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Volunteering is a way of life for Nurain Janah, who successfully juggles her fulfilling career as a tax accountant at William Buck with lending New Zealand's up-and-coming professionals a helping hand.
"I have always really wanted to give back," she says, explaining that volunteering has been a part of her life since university. "The more that I volunteered, the more I had opportunities to get into a leadership role. I was really passionate about giving the opportunities that I had been given to other young people, particularly young women of colour."
This passion led to Nurain playing a key role in establishing the youth council for central Auckland, and being recognised by the local government Good Citizens Award, as well as a finalist in the 2017 New Zealand Women of Influence Awards.
In recent years, she has concentrated her efforts on mentoring young women, an endeavour which led her to found She4She, a social enterprise startup that acts as a kind of "matchmaking platform", figuring out the needs of young women and directing them to relevant organisations that can help them by providing career guidance and work experience or volunteering opportunities. She4She is currently being developed into an online platform.
Driven by the rewarding opportunity to lift someone up, Nurain believes mentoring is a valuable aspect of professional life for mentors and mentees alike. Mentoring has played a significant role in her own professional journey, having had mentors who have uplifted and advised her in unique ways. These include HuiHann Wee, a High Performance Coach, who gifted her time with a series of coaching sessions, and Vanisa Dhiru, the President of the National Council of Women, who has shared encouraging words over a cup of coffee.
"That's definitely influenced me in saying, "I'm happy to talk to anybody, especially any young person who's thinking about their journey," and just being really open to that, and no matter how busy I am," Nurain says.
In addition to running She4She, Nurain also drives diversity as a qualified facilitator for Ally Skills NZ. She helps to educate organisations about diversity and shape their diversity policies.
"I do a lot of public speaking around how we talk about diversity in New Zealand, and what my experiences are as a young woman of colour. So, it was a real natural alignment," Nurain says.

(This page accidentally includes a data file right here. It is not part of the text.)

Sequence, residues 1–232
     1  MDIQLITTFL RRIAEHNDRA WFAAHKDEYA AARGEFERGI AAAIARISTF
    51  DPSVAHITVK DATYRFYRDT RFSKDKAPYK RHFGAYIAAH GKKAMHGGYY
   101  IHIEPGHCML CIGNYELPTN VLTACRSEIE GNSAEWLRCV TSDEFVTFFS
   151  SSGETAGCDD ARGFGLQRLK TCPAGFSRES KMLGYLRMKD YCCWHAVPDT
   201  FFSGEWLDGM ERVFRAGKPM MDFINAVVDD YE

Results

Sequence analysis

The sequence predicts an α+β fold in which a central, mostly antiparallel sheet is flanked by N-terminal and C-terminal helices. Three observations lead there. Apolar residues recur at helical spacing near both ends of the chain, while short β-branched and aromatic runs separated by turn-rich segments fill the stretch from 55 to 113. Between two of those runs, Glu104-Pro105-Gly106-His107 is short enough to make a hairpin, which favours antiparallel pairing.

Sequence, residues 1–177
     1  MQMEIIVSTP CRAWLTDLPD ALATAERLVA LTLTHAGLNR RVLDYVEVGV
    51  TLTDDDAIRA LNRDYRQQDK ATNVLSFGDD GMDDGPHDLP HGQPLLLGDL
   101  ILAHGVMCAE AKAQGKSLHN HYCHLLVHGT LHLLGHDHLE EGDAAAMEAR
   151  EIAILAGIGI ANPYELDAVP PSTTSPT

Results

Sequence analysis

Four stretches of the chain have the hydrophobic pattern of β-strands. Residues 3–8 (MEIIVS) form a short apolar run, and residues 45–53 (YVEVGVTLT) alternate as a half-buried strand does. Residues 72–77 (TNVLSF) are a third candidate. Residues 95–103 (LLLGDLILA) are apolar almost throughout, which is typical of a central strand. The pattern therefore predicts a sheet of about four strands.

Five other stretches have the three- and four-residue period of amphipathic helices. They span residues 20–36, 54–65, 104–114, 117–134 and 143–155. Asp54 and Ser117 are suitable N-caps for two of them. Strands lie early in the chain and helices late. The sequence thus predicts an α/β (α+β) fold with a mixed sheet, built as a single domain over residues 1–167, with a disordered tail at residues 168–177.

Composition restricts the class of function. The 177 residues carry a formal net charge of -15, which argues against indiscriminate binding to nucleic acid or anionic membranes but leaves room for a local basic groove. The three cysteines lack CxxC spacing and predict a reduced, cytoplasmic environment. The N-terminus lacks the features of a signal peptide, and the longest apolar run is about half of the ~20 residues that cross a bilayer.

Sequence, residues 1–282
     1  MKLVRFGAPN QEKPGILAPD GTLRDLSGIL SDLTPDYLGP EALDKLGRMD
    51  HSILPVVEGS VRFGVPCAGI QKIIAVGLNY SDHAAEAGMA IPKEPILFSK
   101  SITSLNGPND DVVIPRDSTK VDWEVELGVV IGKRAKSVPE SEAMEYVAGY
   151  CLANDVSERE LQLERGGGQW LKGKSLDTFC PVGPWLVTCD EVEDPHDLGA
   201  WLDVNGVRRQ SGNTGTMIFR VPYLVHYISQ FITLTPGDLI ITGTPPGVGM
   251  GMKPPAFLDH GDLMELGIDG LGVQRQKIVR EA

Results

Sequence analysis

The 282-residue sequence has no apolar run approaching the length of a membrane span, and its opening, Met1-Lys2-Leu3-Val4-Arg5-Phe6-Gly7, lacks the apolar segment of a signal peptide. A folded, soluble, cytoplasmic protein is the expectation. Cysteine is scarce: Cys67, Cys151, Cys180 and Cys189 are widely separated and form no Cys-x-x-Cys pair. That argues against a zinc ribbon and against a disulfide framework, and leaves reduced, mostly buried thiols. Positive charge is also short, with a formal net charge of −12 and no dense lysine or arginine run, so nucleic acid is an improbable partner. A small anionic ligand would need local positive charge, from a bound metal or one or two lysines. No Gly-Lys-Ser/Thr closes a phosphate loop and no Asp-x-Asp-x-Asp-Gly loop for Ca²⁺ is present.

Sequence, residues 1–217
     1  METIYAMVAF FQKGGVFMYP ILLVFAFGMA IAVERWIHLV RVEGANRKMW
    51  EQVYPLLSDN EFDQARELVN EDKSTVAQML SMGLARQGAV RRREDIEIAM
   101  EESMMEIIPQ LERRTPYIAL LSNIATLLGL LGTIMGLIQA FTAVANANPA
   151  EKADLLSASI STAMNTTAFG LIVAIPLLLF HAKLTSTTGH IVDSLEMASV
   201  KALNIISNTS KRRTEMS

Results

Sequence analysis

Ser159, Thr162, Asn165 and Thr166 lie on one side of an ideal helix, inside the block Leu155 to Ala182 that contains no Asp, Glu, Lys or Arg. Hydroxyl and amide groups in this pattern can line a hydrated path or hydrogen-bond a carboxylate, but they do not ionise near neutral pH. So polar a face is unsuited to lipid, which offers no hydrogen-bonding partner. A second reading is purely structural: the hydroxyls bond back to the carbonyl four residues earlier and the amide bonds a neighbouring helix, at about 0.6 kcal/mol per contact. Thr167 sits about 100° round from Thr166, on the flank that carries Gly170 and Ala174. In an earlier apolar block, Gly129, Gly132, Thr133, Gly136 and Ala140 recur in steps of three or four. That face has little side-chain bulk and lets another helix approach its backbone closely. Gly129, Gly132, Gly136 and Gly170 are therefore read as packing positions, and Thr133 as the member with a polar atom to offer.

"What I really love is that, it's a way of telling my story, but also using data and research to give organisations and teams who don't know how to approach diversity a toolkit to help them create a thriving organisation by capitalising on their diversity. This includes highlighting the existing culture and giving them the tools, such as language and ways to influence culture, to be really inclusive, and how to be intentional about that inclusivity."
One of her biggest achievements is serving as National President for the Junior Chamber International (JCI) New Zealand. Dedicated to inspiring young people to build a better world, the JCI teaches its members how to apply leadership to community projects and ethics. In her role as National President, Nurain is helping them develop a leadership programme for young professionals.
"We've started what we call 'Career Encounters', where young people can come and have a taste of what leadership looks like in different directions," she said.
As if mentoring extraordinary young women, inspiring diversity through her public speaking and working a full-time job isn't quite enough, Nurain is also enrolled in the CA Program. She says that the skills she is learning through the Program, together with those she's developed working in a strategic consulting and accounting environment at William Buck, have already been useful in her social enterprise endeavours.
"Aside from the technical skills, being a Chartered Accountant changes the way you think about the world. The way you think about things becomes more systemic, allowing you to solve problems more effectively."
"The CA Program itself has taught me to consider the unexpected impact that one action may have, encouraging risk-taking from an informed and critically thought out point of view. Working in a firm like William Buck, which has over 15 cultures represented across the 80 staff, has also taught me the flexibility of adapting to different styles of approaching a particular issue," she explains.
Nurain hopes that her work with young people is changing the way they think about the relationship between their personal values, leadership and decision making.
"I hope I am helping make a difference in teaching others to approach everything that they do from a values perspective, and focus on what matters to them. Leadership doesn’t have to be complicated, if you’re making decisions you really believe in."
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